Rich Snippets, as Google calls them, are actually semantic markup. The idea of marking up some sort of document with meta information for the benefit of machines is not a new idea. Semantic markup is as old as information technology its self. For example, a Word document contains metadata about its author, and a digital photo contains meta data about the camera it was taken with. You might, for instance, store your digital snapshots in a photo archiving program which uses this semantic data to filter your photos by date taken, lens type, flash used, etc. So, in essence, metadata is data about data.
It’s should be clear, then, how this “data about data” can be extremely useful to search engines. It can provide a search engine the ability to derive a semantic meaning from a document’s meta information rather than having to rely purely on the abstract, human understandable, concepts within the text of the document. Searches can become less about keywords in text documents and more about relationships between semantical data types.
To illustrate this point further, consider the following search: Find all restaurants with a 3.5 star or better rating on the Las Vegas strip that specialize in Italian OR Mexican cuisine AND are open after 11 PM on Sunday nights AND do NOT require reservations. On the semantic web, rather than a list of links to restaurant web sites that may or may not match your given criteria, you might get a list of “restaurant result objects” that DO match exactly that criteria and never even have to visit the restaurant’s web site. This is where the real power of semantic data lies. Instant information aggregation.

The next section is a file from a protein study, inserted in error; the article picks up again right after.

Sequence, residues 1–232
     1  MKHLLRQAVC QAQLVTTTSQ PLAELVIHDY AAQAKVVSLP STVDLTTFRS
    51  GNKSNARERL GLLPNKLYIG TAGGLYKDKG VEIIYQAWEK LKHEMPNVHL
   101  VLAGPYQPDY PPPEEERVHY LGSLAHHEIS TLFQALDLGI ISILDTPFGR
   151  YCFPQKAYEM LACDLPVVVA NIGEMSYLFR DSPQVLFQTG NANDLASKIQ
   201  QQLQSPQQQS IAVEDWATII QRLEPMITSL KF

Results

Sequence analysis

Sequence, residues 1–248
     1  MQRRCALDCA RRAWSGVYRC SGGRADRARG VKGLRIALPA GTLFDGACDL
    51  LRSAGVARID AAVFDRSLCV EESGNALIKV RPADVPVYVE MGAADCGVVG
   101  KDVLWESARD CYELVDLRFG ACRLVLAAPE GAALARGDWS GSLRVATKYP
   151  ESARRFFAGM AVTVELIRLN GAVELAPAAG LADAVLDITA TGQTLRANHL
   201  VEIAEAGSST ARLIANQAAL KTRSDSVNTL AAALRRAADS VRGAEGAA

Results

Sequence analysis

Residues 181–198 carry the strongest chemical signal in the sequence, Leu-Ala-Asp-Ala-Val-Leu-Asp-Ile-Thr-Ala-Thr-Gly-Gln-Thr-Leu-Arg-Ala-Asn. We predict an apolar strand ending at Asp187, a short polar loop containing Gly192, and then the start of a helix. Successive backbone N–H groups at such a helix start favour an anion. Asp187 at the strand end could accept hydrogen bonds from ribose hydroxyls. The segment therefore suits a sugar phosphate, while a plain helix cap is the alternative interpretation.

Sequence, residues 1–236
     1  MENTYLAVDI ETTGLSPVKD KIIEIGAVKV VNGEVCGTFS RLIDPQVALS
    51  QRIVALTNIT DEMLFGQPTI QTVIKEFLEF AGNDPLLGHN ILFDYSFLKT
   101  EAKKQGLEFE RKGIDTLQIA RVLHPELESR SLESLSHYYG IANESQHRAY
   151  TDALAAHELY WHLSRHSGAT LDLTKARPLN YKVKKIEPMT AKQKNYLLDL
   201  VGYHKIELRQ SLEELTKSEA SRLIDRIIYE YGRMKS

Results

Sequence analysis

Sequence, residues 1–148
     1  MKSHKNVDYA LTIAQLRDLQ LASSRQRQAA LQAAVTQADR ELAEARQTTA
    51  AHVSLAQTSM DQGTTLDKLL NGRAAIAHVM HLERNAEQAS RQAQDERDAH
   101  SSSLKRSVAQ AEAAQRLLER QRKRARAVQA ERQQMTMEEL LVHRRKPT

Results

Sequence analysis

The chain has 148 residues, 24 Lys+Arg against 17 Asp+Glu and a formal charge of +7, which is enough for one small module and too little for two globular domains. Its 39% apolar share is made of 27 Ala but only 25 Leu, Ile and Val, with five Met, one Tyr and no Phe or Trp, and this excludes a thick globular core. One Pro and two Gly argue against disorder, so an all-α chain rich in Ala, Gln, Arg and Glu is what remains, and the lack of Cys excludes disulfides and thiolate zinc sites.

This “semantic web”, also, is not a new idea. In fact, Tim Berners-Lee himself envisioned the world wide web as a kind of “Semantic Network Model” and even the earliest HTML specifications included the concept of meta tags, which you are undoubtedly familiar with. Later iterations, such as XHTML, took this idea a step further. Most notably is the RDFa specification, which has been around for quite some time.